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Species richness and distribution of Neotropical rodents, with conservation implications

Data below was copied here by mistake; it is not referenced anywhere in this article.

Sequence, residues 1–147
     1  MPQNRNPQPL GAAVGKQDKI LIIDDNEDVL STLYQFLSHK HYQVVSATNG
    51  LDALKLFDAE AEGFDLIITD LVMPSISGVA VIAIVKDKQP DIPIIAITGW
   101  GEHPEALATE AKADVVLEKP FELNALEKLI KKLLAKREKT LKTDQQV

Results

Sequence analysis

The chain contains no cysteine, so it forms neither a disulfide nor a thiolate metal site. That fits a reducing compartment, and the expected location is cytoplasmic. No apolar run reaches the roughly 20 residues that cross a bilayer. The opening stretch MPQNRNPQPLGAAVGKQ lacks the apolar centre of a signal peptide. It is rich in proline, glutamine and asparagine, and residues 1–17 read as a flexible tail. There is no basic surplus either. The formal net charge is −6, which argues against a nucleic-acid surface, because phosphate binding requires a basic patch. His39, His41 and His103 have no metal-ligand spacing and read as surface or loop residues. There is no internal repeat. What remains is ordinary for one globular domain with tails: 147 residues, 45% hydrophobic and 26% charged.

The correlates of species richness and conservation status of South American rodents were studied by analyzing the ranges of 791 species (belonging to 159 genera and 16 families). The distribution data (size of each species’ range in km2) and the relative quantity of each macrohabitat type (in km2) were obtained from the Global Mammal Assessment data bank of the International Union for Conservation of Nature (IUCN), and the Global Land Cover 2000, respectively. We excluded mainly island species from analyses but included those species that occur on both islands and the mainland. Habitats were grouped according to seven categories (shrubland, forest, grassland, savannah, wetlands, desert, and artificial). Mean range sizes varied significantly among families, with members of the family Cuniculidae having larger ranges than the species belonging to the rest of the families. Mean range size did not differ significantly between endemic and non-endemic taxa. There was a significant positive relation between total species richness and the availability of habitat types. Specialized species (i.e., those linked to a single habitat type) were found especially in forests, but shrublands and grasslands were also important. IUCN threatened species were distributed in a scattered way, and essentially in forests, grasslands, and shrublands. No region of the Neotropics housed more than two to three threatened taxa, apart from a spot in north-central Peru with five species. The richness of IUCN threatened species was higher in the montane forest ecosystems of the Andes, north-central Peru, than in other areas of South America. There was a mismatch between the hotspot maps for threatened and endemic species. The conservation implications of these patterns are discussed.
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